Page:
It doesn’t take a legal expert to know that what’s happening in Portland, Oregon is an abuse of power. When unidentified federal forces dressed as soldiers pull people off the streets into unmarked vans, something is gravely wrong. What’s less apparent is that this abuse is part of an ongoing effort by the administration to get around “posse comitatus”: the principle that the president cannot use the military as a domestic police force. The implications for the rule of law — and potentially for the 2020 election — are staggering.
The Department of Homeland Security personnel deployed in Portland are federal law enforcement agents, not members of the armed forces. But the evidence is mounting that they are not there to enforce the law. Instead, they are acting as a paramilitary wing to assist the president in his longstanding goal to (in his words) “take over” U.S. cities run by Democrats.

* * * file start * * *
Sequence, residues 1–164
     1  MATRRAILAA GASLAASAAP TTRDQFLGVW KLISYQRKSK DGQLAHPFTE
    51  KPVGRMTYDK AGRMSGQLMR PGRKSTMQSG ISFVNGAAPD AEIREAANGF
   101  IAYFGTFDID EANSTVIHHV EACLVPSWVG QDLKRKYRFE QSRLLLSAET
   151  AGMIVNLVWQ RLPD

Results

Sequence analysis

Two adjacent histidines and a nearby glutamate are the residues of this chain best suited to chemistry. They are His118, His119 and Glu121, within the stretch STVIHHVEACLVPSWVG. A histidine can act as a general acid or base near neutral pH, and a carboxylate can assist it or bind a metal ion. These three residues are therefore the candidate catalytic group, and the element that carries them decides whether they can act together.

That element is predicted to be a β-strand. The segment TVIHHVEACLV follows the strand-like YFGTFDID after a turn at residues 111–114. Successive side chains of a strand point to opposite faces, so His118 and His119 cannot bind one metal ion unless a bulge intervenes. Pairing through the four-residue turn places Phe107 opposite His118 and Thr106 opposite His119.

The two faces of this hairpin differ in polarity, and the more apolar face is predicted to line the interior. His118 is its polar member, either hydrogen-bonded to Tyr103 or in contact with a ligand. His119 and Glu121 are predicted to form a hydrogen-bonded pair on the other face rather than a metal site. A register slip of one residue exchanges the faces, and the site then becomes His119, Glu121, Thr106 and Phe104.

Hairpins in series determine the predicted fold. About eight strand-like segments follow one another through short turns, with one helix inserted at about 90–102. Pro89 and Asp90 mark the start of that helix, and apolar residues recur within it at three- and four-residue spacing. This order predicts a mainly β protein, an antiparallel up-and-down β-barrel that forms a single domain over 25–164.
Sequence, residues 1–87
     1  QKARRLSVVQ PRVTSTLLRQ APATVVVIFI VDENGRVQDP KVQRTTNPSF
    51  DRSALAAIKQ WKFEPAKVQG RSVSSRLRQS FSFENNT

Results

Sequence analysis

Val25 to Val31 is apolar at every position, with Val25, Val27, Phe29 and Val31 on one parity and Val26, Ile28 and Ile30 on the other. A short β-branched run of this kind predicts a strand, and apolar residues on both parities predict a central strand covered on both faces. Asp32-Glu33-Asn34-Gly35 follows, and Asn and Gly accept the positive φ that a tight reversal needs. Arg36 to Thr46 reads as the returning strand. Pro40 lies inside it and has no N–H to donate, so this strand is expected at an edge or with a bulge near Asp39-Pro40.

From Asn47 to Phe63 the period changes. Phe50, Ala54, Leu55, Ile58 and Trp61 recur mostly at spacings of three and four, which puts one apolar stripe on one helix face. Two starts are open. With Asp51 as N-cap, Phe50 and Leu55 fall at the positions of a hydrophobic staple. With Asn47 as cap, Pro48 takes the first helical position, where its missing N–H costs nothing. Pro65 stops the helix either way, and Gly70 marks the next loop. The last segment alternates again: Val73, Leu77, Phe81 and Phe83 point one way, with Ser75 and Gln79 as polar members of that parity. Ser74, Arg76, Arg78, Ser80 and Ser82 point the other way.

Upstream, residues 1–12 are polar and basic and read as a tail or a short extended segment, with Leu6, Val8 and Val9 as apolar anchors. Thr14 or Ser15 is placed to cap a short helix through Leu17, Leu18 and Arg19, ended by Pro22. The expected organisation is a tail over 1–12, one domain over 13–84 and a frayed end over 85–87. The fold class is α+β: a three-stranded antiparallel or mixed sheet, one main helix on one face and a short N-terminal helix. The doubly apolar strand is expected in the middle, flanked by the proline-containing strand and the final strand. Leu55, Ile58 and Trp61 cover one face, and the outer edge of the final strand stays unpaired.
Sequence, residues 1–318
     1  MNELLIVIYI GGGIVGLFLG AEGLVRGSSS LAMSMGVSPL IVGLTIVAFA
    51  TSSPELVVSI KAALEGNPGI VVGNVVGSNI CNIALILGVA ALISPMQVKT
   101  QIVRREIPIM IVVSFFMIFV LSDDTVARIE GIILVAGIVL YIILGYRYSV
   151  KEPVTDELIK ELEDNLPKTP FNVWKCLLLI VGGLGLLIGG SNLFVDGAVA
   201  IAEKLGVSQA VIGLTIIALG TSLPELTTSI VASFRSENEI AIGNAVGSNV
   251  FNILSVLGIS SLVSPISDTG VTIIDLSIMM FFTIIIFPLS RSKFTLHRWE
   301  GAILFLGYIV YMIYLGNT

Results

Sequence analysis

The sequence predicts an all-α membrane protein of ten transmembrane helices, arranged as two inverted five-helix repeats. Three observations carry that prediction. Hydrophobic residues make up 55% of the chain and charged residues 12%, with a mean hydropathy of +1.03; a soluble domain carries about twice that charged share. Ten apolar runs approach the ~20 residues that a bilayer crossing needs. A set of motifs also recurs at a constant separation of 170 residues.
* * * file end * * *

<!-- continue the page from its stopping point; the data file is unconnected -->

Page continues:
This goal dates back to the beginning of Trump’s presidency. Five days after his inauguration, he tweeted: “If Chicago doesn’t fix the horrible ‘carnage’ going on, 228 shootings in 2017 with 42 killings (up 24% from 216), I will send in the Feds!” (Three and a half years later, he’s about to get closer to carrying out his threat: He announced on Wednesday that he will send 200 federal agents to the city, plus 35 additional agents to Albuquerque.) He has issued similar threats periodically throughout his time in office.
But it was the protests that erupted across the country in response to the brutal police killing of George Floyd that finally gave the president his chance. At the president’s direction, the governors of 11 states (10 of them Republicans) sent their National Guard units into Washington, DC, where largely peaceful protests had been marred by isolated incidents of violence and looting. The deployment was over the objections of the city’s mayor, Muriel Bowser. [Continue reading…]